"Bill Barlee died June 14, four months short of his 80th birthday. If any recent B.C. politician deserves a historical plaque, it would be him. Given how he knew, loved and chronicled so many places in this province, the hard part would be deciding where to put it."; - Vaughn Palmer, Vancouver Sun

"Bill Barlee, was a nugget, pure gold, remarkable in more ways than can be described." - Randy Manuel, former Penticton Museum director and illustrator

Born in Grand Forks in 1932 and partially raised in Rossland, former Trail high school teacher Neville Langrell (Bill) Barlee was one of the foremost historians of the B.C. Interior and an under-appreciated, formative, inspiring force in the evolution of B.C. publishing.

"My paternal grandfather went up north for the Klondike Gold Rush," said Barlee, "And my maternal grandfather owned a general store in Cascade City, which is now a ghost town. I guess that partly explains, why I've been so interested in history."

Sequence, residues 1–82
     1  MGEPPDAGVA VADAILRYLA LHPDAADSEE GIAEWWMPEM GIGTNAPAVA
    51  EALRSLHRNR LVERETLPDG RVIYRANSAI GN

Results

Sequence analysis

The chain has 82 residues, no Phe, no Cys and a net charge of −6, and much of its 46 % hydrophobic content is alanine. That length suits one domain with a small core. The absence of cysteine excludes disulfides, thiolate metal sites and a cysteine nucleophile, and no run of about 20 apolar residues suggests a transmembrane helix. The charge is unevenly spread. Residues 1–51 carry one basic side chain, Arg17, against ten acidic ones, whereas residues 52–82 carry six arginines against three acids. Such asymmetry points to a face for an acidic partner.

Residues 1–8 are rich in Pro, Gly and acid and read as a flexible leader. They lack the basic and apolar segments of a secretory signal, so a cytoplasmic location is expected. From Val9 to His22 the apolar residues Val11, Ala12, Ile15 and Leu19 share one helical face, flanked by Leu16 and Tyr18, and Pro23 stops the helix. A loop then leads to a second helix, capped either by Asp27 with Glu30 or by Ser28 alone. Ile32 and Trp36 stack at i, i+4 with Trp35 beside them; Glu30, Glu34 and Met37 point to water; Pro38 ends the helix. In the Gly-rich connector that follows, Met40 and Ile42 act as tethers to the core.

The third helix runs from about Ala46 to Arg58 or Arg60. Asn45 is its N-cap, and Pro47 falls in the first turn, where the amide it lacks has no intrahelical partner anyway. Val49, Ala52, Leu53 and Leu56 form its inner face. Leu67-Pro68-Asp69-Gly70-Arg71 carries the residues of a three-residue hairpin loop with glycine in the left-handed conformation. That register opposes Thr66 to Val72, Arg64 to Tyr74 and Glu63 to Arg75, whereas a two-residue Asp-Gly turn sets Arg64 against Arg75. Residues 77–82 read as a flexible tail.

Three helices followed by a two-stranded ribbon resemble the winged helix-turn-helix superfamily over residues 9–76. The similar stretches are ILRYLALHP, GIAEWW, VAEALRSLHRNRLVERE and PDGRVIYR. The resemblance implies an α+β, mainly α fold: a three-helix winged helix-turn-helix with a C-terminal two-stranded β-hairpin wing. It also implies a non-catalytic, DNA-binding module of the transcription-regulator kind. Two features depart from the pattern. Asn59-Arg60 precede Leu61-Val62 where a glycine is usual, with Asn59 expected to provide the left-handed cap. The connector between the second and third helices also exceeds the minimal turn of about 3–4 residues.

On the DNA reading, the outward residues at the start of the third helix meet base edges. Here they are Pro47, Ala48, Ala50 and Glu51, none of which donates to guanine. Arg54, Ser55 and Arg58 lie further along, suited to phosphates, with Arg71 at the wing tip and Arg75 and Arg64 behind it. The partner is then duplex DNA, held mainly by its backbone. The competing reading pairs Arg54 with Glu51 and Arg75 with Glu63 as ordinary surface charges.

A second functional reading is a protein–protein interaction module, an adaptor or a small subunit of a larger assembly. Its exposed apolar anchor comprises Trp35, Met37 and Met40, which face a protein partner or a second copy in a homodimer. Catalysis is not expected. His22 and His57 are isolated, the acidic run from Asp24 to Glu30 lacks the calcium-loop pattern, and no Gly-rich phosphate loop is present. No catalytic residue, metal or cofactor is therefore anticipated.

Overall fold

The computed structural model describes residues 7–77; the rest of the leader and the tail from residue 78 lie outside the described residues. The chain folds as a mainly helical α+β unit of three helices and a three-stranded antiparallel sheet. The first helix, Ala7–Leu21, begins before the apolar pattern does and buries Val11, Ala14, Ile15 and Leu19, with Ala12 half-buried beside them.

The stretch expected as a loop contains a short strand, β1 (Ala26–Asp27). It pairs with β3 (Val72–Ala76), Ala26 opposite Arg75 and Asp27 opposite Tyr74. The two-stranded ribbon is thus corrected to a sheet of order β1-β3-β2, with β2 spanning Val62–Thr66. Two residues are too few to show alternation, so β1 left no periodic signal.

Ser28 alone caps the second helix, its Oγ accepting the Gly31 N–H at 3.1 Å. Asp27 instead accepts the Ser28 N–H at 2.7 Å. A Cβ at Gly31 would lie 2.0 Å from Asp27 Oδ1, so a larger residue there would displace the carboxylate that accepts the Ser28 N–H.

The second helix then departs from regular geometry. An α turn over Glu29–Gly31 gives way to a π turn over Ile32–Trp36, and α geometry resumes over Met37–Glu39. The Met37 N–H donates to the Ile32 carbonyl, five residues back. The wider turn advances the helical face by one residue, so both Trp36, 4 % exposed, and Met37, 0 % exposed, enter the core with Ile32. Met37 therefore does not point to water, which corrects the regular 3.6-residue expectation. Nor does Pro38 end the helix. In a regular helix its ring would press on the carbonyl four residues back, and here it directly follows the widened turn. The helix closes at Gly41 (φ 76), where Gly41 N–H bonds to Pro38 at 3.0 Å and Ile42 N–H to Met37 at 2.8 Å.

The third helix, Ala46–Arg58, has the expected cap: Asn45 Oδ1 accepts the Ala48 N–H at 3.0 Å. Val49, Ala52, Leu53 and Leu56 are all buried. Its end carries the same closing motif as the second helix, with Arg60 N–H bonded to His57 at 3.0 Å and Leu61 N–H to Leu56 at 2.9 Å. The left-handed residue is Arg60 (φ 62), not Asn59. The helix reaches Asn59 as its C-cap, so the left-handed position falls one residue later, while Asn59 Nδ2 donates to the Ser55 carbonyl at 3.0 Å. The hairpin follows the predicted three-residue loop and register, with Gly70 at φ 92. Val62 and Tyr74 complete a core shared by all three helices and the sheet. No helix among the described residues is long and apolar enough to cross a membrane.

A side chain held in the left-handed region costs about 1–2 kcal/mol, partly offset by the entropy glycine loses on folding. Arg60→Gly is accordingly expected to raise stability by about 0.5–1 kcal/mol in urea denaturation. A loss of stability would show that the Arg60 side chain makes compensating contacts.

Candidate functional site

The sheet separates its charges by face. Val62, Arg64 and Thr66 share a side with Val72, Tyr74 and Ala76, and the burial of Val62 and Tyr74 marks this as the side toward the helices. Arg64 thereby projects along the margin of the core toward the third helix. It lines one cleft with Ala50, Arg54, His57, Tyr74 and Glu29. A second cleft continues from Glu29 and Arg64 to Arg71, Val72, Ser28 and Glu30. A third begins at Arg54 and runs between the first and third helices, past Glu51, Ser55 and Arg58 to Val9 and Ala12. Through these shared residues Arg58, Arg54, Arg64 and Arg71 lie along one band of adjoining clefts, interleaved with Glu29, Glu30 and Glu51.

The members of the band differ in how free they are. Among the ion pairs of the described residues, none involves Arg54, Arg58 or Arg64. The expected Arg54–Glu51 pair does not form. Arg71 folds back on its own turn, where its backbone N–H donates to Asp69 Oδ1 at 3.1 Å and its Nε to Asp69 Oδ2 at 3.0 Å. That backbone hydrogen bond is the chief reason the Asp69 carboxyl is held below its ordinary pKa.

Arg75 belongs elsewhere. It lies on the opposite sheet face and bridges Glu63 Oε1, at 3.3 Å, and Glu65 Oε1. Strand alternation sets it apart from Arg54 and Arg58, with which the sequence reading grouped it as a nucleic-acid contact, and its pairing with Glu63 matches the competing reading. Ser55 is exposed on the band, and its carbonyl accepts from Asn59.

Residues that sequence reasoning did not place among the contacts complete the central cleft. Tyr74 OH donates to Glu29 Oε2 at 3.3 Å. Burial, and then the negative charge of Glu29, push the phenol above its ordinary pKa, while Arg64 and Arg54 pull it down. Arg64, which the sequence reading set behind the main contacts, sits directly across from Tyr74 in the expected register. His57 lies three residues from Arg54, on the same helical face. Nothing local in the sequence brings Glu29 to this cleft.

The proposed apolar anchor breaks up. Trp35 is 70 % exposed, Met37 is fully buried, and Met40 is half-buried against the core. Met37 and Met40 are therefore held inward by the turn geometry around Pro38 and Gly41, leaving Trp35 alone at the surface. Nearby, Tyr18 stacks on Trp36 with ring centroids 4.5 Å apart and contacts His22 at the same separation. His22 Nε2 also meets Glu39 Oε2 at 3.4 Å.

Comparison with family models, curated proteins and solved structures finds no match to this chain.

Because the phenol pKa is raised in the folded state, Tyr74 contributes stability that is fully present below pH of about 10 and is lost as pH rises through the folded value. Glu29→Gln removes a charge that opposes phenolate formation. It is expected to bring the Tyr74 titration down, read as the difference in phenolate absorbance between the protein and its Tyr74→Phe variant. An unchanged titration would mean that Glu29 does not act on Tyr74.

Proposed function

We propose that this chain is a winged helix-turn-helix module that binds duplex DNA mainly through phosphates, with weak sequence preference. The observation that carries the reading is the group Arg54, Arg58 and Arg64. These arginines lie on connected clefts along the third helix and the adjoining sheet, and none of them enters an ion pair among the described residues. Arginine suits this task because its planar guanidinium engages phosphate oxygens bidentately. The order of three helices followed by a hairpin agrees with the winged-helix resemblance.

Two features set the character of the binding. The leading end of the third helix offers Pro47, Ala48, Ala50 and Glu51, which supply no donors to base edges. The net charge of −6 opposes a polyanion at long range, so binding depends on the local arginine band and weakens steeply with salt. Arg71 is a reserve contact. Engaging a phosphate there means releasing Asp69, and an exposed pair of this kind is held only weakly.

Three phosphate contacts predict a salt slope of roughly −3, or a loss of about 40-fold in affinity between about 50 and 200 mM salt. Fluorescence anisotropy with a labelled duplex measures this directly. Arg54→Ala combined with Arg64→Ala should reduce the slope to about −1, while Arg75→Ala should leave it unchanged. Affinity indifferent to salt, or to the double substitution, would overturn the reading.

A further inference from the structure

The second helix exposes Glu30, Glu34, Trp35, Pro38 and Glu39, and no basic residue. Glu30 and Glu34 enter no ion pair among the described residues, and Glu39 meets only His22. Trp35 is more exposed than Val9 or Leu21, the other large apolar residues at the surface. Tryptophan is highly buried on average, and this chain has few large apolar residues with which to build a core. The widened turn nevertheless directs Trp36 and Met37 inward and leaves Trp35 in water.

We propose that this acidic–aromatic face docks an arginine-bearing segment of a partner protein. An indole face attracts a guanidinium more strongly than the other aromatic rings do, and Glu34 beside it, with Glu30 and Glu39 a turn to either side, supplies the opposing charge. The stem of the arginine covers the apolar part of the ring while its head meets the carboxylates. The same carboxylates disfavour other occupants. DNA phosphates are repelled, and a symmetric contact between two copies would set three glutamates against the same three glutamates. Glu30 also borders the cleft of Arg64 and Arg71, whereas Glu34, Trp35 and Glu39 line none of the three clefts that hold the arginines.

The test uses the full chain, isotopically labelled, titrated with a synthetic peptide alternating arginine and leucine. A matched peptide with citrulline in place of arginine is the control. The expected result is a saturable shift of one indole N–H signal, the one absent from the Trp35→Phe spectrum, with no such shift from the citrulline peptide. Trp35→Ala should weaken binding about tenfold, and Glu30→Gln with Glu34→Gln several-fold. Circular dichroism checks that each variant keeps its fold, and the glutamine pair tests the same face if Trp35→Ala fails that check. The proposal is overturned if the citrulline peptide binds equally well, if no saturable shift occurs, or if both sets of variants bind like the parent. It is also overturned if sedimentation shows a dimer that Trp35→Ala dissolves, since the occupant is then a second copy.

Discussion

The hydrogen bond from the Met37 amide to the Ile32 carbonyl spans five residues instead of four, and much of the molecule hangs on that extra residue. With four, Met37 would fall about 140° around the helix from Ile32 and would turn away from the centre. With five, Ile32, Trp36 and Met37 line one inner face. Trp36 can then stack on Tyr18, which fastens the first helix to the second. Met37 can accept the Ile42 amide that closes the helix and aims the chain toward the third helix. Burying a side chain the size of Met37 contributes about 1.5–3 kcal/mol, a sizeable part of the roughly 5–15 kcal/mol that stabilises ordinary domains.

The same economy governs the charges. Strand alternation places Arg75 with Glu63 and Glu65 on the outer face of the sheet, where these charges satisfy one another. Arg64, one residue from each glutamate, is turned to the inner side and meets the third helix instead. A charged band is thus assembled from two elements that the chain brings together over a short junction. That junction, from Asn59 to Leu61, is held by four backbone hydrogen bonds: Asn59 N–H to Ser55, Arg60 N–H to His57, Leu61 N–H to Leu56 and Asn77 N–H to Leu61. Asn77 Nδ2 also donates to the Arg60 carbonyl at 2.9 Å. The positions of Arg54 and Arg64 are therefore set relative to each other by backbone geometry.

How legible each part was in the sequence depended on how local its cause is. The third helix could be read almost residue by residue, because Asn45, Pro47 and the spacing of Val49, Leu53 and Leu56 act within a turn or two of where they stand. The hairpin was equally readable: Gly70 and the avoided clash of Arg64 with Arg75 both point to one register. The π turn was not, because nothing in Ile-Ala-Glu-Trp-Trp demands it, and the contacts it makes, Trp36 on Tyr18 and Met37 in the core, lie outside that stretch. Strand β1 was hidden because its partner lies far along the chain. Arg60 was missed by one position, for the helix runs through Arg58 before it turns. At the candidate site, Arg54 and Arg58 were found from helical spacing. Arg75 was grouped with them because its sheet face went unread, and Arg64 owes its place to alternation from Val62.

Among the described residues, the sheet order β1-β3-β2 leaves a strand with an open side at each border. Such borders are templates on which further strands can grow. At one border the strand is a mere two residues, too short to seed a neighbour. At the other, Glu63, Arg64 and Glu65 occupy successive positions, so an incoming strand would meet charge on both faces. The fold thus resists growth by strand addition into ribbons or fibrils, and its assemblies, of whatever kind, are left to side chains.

Self-described as a descendant of Canadian pioneer writer Susanna Moodie and a distant relative of Margaret Atwood, Barlee first entered the writing game when he published 6,000 copies of Similkameen, Pictograph Country in 1963.

After selling out his print run with the help of his own roving sales trips (he loved to drive around the backroads with a trunk load of his books), Barlee produced local history titles such as Gold Creeks and Ghost Towns, A Guide to Gold Panning and West Kootenay: Ghost Town Country. Authordom encouraged Barlee to leave his teaching career and establish Canada West magazine in 1976. Early issues of this quarterly publication about B.C. history are now collector's items. In its first few years, the magazine reputedly grew from a subscription base of 36 people to more than 1600. The magazine was eventually sold to Garnet Basque.